The 57-year-old Lancaster Republican, who has been diagnosed with a condition called limited scleroderma for more than 20 years, said the decision to again seek a double lung transplant was made by her doctors after she experienced several lung infections.
To avoid risk of future infections, she is not returning to the Capitol as the Legislature reconvenes today. She said in a statement, however, that she plans to continue work away from the office in what her chief of staff described as a "germ-free location."
"Given my overall good health, combined with my age, the doctors expect me to make a full recovery. And I look forward to continue the fight to protect Californians," she said in the statement.
Runner, a former assemblywoman, was elected last year to fill the seat vacated by her husband George Runner's election to the state Board of Equalization. She said at the time of her run that her treatment for limited scleroderma, which has no known cure, had been successful and that she no longer required the transplant. She had been hospitalized for infections related to limited scleroderma in 2008, about two years after she began suffering from complications related to the condition.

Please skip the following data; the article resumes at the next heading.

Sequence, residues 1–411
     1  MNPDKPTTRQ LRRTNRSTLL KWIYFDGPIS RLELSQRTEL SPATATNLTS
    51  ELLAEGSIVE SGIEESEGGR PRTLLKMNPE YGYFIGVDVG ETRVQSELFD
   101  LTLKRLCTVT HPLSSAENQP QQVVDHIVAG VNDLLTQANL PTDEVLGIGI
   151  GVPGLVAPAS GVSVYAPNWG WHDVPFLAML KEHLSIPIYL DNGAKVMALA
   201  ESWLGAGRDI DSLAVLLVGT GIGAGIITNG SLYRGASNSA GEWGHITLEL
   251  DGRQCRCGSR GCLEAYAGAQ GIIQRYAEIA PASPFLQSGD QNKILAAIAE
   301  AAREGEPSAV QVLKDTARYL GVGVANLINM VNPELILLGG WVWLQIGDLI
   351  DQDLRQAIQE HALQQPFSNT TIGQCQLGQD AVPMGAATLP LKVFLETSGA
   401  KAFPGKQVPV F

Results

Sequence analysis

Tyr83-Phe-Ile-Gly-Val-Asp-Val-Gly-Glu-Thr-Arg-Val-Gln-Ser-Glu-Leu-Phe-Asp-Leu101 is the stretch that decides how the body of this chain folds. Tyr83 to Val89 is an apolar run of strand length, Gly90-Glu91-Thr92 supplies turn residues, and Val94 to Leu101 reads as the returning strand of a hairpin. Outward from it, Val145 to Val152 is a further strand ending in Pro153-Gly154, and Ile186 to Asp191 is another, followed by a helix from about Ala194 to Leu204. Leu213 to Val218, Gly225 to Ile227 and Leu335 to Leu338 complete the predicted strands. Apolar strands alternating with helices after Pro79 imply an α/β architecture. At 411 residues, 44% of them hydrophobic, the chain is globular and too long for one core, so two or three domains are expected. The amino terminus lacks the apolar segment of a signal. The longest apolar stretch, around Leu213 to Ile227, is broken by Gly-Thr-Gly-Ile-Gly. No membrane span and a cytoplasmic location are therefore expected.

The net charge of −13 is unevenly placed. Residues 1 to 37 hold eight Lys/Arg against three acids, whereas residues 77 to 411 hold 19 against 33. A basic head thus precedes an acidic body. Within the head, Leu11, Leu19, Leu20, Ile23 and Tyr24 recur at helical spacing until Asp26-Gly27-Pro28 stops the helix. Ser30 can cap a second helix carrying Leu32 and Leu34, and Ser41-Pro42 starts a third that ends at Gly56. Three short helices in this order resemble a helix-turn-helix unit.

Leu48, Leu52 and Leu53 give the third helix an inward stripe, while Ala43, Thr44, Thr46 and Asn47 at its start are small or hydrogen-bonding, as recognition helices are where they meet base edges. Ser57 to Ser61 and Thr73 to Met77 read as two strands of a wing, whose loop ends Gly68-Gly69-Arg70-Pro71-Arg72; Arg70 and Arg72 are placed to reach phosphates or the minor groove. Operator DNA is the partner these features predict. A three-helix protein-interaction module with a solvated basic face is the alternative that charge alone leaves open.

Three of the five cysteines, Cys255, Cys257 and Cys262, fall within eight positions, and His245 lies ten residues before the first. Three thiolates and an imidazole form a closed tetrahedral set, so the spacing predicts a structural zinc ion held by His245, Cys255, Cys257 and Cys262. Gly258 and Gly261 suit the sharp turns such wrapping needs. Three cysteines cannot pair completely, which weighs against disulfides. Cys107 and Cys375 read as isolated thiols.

PHOTO CREDIT: Assembly Member Sharon Runner, listens to Mexican President Felipe Calderón speak to a joint session of the California Assembly and Senate at the state Capitol on Feb. 13, 2008. (Sacramento Bee file photo / Brian Baer)